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Combined paleomagnetic, isotopic, and stratigraphic evidence for true polar wander from the Neoproterozoic Akademikerbreen Group, Svalbard, Norway

By Adam C. Maloof, Galen P. Halverson, Joseph L. Kirschvink, Daniel P. Schrag, Benjamin P. Weiss and Paul F. Hoffman

Abstract

We present new paleomagnetic data from three Middle Neoproterozoic carbonate units of East Svalbard, Norway. The paleomagnetic record is gleaned from 50 to 650 m of continuous, platformal carbonate sediment, is reproduced at three locations distributed over >100 km on a single craton, and scores a 5–6 (out of 7) on the Van der Voo (1990) reliability scale. Two >50° shifts in paleomagnetic direction are coincident with equally abrupt shifts in δ^(13)C and transient changes in relative sea level. We explore four possible explanations for these coincidental changes: rapid plate tectonic rotation during depositional hiatus, magnetic excursions, nongeocentric axial-dipole fields, and true polar wander. We conclude that the observations are explained most readily by rapid shifts in paleogeography associated with a pair of true polar wander events. Future work in sediments of equivalent age from other basins can test directly the true polar wander hypothesis because this type of event would affect every continent in a predictable manner, depending on the continent's changing position relative to Earth's spin axis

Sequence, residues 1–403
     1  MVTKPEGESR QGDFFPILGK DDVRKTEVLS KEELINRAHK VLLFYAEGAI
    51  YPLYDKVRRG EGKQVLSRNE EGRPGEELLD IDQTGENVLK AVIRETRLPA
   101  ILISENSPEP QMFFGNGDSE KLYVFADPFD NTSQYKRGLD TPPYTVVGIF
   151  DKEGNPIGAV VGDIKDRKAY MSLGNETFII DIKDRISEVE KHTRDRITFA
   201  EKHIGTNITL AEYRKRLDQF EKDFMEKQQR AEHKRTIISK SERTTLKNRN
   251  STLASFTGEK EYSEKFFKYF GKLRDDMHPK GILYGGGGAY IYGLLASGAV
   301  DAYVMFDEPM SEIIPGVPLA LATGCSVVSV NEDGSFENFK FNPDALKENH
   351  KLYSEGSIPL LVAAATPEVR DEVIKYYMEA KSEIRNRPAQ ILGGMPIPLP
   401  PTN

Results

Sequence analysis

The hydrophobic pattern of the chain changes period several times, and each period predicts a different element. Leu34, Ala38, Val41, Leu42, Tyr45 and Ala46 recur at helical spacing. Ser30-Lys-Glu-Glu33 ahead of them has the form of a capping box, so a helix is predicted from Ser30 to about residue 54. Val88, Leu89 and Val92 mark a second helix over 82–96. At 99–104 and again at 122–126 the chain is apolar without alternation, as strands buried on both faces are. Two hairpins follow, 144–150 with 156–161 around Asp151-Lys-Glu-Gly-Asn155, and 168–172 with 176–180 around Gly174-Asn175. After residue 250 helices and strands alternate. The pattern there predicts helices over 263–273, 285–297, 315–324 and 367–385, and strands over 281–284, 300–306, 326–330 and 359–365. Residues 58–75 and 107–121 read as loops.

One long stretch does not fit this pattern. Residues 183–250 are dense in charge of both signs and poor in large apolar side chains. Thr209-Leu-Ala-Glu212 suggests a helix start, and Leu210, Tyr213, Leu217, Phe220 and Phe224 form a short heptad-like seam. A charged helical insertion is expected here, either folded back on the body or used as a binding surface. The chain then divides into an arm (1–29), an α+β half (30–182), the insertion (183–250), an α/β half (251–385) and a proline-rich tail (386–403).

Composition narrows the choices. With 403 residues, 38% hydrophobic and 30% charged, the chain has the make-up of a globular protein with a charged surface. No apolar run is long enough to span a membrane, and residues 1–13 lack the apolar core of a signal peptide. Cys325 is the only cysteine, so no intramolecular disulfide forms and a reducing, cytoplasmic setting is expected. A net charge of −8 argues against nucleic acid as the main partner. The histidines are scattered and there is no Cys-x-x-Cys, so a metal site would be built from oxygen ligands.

Publisher: Geological Society of America
Year: 2006
OAI identifier: oai:authors.library.caltech.edu:36755
Provided by: Caltech Authors
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